Several years ago, Richard Carlson wrote a book which became a quick best seller called Don’t Sweat the Small Stuff.
It talks about living in the moment, not worrying about getting the recognition for everything, choosing your battles wisely and living each day as it might be your last.
As of late I have been choosing to keep those thoughts along with the expression “turn the other cheek” at the forefront of my mind, and as a result I experience more peace-filled days.
I refuse to allow my joy to be disrupted because someone cut in front of me in line, didn’t reply to a text, seems to be getting preferential treatment or has more than me.
I don’t worry about the little things people say (oftentimes in passing) which I can construe as being offensive. I don’t concern myself with comments I may disagree with. I don’t (always) get upset when things don’t go my way anymore, and I seek to find a godly perspective when “life happens.”
Adopting this demeanor can also greatly affect our personal relationships. We can accept others as they are, overlook minor annoyances (because we all have them), avoid needless arguments and reconcile our differences instead of trying to make others accommodate to our ways and desires.
Mainly, I find by turning the other cheek in the face of offensive behavior speaks more to those who don’t know the Lord than my words can.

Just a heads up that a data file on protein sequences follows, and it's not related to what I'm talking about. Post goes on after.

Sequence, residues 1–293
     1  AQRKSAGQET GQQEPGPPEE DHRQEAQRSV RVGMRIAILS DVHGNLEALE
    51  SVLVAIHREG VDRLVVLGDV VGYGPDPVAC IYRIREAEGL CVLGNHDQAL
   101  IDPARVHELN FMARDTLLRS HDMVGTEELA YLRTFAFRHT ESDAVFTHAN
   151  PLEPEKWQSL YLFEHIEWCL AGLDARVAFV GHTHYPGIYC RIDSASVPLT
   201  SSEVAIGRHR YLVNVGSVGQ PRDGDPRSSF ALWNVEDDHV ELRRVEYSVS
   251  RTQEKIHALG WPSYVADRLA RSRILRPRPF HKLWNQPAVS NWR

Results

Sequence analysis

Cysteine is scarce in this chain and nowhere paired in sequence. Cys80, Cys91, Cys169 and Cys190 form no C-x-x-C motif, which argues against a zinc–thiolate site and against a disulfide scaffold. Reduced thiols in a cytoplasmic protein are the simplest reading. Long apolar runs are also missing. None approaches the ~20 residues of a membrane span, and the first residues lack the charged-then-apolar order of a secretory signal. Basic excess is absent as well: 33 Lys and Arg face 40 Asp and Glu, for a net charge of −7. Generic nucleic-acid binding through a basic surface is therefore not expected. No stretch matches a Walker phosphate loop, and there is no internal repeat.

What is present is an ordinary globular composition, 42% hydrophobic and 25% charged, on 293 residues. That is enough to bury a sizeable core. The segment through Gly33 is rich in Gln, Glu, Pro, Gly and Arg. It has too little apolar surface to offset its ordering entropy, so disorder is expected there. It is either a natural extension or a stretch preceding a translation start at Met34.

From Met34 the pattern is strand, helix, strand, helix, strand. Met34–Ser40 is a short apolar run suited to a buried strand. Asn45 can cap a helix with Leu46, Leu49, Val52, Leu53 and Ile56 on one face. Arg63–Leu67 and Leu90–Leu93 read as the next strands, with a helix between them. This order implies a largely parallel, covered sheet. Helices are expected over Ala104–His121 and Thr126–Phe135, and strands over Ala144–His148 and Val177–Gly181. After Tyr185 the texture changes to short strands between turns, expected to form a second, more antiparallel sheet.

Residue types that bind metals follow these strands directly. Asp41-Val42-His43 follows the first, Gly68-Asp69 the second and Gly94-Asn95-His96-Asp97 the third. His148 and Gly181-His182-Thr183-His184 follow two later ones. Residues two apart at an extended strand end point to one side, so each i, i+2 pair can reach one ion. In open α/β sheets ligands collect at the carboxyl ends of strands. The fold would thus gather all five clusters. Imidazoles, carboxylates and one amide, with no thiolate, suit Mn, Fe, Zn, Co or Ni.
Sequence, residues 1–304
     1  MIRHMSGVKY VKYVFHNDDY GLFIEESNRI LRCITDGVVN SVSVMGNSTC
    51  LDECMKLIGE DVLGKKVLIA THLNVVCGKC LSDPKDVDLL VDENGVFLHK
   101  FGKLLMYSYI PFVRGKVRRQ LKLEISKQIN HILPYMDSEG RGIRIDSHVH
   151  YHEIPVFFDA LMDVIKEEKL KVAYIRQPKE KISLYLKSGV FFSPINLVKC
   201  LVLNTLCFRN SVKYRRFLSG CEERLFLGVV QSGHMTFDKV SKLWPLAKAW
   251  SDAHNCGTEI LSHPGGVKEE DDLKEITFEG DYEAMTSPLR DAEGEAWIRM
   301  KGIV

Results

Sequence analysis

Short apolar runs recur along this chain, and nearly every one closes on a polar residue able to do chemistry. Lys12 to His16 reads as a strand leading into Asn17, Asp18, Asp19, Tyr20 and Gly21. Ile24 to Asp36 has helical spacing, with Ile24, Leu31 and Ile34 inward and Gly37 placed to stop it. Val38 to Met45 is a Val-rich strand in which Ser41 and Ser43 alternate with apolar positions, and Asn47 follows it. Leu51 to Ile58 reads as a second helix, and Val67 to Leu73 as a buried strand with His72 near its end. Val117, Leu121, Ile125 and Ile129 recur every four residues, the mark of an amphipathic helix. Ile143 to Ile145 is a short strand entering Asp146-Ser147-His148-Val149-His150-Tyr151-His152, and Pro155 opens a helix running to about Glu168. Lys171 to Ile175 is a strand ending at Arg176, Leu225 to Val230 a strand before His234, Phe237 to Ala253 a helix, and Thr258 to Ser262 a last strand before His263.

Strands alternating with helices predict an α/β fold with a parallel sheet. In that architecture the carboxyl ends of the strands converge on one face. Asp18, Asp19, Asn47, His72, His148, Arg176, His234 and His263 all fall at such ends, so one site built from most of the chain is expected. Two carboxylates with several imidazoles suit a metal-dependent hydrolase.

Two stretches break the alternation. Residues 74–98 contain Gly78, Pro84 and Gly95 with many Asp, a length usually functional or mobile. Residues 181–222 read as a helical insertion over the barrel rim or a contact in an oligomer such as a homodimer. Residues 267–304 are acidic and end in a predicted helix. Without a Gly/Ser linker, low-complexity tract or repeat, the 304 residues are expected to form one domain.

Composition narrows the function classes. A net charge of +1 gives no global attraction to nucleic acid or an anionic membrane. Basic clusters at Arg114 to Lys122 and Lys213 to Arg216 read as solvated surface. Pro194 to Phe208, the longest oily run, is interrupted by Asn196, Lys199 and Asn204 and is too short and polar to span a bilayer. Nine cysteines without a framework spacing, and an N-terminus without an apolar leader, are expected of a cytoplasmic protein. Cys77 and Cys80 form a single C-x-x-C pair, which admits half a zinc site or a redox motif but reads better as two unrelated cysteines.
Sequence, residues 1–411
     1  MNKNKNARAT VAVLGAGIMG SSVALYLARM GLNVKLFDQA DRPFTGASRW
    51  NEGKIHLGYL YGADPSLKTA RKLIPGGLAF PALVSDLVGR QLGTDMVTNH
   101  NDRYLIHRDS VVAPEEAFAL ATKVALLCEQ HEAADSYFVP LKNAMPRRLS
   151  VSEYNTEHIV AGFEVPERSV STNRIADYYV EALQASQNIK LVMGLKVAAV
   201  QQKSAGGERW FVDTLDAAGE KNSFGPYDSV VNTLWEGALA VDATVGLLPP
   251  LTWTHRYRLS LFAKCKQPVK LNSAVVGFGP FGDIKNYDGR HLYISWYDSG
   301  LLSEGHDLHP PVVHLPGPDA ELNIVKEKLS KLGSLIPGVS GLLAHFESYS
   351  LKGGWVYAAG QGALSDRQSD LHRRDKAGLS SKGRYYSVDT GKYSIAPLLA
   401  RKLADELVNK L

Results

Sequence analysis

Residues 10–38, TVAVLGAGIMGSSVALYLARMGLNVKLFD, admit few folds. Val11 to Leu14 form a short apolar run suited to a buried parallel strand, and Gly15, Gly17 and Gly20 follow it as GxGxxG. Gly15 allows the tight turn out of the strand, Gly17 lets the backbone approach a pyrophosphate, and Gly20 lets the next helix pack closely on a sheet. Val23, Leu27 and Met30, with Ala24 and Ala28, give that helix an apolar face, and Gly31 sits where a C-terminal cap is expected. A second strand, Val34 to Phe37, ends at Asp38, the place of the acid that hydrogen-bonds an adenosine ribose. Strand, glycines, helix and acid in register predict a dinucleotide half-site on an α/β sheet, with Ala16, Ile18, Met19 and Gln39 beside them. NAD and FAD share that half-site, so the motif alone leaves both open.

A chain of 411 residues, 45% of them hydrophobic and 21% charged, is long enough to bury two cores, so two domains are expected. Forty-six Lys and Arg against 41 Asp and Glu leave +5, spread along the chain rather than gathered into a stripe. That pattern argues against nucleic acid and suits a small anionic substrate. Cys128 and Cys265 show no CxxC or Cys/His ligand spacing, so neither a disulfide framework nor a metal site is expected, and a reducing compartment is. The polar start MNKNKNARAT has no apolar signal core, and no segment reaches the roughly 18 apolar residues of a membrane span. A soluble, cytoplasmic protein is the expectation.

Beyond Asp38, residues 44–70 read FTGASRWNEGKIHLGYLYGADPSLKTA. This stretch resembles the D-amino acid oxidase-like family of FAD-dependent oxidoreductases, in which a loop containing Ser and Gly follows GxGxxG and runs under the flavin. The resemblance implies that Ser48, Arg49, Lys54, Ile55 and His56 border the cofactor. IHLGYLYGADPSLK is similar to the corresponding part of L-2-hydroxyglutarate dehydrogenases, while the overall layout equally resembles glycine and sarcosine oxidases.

"Blessed are the peacemakers" (Matthew 5:9) - those who choose not to act on pure emotion, but rather in love.
We all have some sort of struggle going on in our lives. Instead of reacting immediately and emotionally to every situation, consider what others may be going through which causes them to act in such a manner. Taking into account the way I have responded at times to difficult circumstances, I try not to judge the actions of others at face value.
"What causes fights and quarrels among you? Don’t they come from your desires that battle within you?" (James 4:1).
God created us to be in community with and commanded us to love others (Matthew 22:39), yet at times we find ourselves doing the opposite. We don’t turn the other cheek to petty meaningless encounters, yet we do to those we pass on the streets, the families struggling to survive and to our own in the church who have stumbled.
Maybe if we quit spending so much time focusing and worrying about the minor “injustices” we face each day we would become more aware of those who have real concerns we need to care for all around us.
"Don’t have anything to do with foolish and stupid arguments" (2 Timothy 2:23).
Cliff Young is a contributing writer to Sandlot Stories (ARose Books), as well as the bi-weekly column, "He Said-She Said," in Crosswalk.com's Singles Channel. An architect and former youth worker, he now works with Christian musicians and consults for a number of Christian ministries. Got feedback? Send your comments and questions to email@example.com. Find him on facebook and twitter.
Publication date: September 2, 2014